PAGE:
Seattle business owners looking to city to help stem violence

SEATTLE — Small business owners are sounding the alarm.

They say the city of Seattle needs to feel safe again for them to survive beyond the pandemic. The violence is taking a toll on their staff and their bottom line.

These concerns extend well beyond Pioneer Square, according to business owners here. And they say the sight of tents not just here but all around the city is not helping.

On this sunny Saturday before Valentine’s Day, love is in the air in Seattle’s Pioneer Square. But there are storm clouds hanging over those running their businesses in this historic neighborhood.

“I love Pioneer Square,” said Linda Walsh, owner of Clementines. “I love my location. I love my neighbors. I want this to work. Eventually, though, I need to see things improve because I cannot do this forever.”

Walsh’s clothing store has been in Pioneer Square for seven years.

“I need people to feel safe coming down to Pioneer Square,” said Walsh. “I need there to be more foot traffic.”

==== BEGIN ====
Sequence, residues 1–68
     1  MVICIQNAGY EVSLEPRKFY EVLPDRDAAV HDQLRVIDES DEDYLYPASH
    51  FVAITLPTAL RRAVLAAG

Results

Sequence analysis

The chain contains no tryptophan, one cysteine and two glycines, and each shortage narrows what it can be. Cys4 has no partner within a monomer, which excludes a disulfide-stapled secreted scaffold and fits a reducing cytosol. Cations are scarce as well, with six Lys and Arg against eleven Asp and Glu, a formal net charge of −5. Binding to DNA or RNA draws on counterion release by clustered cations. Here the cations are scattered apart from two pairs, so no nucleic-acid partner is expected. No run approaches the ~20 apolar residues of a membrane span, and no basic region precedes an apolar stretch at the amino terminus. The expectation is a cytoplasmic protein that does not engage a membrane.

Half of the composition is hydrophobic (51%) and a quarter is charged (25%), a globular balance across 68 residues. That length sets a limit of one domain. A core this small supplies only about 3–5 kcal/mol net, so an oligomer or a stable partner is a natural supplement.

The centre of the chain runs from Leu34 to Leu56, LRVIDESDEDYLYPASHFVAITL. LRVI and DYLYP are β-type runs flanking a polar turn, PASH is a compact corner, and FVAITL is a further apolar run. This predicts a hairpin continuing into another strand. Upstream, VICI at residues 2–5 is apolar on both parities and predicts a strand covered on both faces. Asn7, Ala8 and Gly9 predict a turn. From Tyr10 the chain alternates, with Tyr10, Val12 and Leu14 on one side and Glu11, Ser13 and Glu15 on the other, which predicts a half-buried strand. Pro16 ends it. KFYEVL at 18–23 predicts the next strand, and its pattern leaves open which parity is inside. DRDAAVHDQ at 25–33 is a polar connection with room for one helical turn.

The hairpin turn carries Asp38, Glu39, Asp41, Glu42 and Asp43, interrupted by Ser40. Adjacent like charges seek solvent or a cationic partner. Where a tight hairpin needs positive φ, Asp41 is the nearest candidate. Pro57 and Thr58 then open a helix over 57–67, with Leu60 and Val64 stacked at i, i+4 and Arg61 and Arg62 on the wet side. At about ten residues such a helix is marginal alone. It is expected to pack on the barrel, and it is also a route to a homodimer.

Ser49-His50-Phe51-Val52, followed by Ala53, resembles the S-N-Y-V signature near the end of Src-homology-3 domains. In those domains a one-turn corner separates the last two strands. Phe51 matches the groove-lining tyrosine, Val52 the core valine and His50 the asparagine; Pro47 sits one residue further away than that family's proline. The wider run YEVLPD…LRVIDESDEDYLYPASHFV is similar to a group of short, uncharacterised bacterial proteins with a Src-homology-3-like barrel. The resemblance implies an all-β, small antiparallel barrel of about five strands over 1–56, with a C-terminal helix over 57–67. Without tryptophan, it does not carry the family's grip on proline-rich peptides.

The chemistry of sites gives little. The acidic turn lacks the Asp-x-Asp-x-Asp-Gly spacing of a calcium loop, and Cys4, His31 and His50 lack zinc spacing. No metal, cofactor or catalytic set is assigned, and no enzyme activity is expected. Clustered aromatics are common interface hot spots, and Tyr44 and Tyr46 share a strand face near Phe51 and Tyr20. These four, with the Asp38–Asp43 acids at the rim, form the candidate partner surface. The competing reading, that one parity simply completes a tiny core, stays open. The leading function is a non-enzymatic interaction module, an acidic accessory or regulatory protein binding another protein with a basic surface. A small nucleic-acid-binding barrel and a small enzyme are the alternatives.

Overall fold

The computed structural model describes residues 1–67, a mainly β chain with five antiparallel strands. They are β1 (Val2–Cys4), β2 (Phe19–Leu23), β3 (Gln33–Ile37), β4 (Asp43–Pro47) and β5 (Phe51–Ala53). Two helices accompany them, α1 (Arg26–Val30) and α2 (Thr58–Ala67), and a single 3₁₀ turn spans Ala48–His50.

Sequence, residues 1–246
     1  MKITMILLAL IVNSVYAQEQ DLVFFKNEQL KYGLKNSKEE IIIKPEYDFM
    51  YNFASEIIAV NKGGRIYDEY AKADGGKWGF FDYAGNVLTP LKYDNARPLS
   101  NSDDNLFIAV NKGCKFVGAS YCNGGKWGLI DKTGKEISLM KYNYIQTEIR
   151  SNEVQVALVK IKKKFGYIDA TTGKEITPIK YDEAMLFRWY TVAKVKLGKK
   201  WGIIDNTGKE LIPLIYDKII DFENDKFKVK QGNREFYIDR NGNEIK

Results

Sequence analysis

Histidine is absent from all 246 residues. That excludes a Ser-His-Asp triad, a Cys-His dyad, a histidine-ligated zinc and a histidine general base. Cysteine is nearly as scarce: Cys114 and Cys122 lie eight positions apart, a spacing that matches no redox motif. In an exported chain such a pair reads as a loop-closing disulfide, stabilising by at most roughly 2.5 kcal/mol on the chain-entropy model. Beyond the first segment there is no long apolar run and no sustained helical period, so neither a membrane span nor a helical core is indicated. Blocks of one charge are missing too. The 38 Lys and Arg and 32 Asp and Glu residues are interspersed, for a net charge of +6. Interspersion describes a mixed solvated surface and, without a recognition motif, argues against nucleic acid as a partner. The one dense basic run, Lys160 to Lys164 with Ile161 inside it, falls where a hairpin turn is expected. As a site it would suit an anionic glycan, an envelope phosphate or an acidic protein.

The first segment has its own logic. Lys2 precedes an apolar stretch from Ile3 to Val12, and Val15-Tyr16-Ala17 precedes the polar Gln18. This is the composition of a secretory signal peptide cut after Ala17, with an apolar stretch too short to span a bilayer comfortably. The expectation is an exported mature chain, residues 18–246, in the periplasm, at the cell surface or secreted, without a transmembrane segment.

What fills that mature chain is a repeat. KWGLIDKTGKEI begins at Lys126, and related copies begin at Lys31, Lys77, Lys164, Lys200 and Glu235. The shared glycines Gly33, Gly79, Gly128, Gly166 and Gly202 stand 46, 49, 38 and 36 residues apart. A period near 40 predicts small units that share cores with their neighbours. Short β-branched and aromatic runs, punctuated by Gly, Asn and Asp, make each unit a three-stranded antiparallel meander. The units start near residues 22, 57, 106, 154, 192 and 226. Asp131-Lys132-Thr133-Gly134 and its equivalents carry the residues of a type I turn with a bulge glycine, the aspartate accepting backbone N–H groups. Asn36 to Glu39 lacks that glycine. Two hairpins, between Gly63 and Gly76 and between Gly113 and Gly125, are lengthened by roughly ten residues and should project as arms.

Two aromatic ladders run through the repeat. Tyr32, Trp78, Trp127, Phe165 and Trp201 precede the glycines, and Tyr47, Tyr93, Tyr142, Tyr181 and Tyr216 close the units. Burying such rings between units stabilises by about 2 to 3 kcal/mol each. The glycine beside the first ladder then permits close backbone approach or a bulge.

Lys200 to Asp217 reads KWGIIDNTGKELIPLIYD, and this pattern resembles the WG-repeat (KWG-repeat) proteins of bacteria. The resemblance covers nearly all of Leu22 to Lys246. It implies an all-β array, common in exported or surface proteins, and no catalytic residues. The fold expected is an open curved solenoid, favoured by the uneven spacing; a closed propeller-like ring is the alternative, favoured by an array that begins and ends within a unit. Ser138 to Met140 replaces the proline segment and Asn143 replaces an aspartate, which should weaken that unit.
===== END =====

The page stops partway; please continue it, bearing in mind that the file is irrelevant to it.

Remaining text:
“We’ve had the furniture stolen,” said Jonathan Fleming, owner of Pioneer Square’s D & E restaurant. “You know, we’ve had the restaurant vandalized.”

Fleming, whose restaurant is on 2nd Avenue South, says he and his neighbors are not alone.

“I have a lot of friends in the restaurant community all throughout Seattle,” said Fleming. “And they’re all dealing with similar issues.”

These concerns were borne out during the latest meeting of the Seattle City Council’s Economic Development Committee. Business owners across the city are relaying their concerns that the lack of safety is eating into their bottom lines.

“Oh, it’s definitely affecting our business,” said Nick Bui, owner of Dong Thap Noodles in the Chinatown-International District. “We lost easily half of our sales.”

Bui says he will move his restaurant that has been in Little Saigon for seven years, to Tukwila.

But others, like the owner of The London Plane, believe the city can do what it takes to keep businesses here.

“Bicycle cops are a good thing,” said Katherine Anderson. “When they have relationships with the businesses. And with the people who sleep outside. And when we have the appropriate resources to call.”

Seattle’s mayor, Bruce Harrell, has pledged to tackle the crime that is plaguing just about every neighborhood.

And these business owners tell us they are willing to give him time to do it.

But they also say they need to see results soon, so they can thrive right here.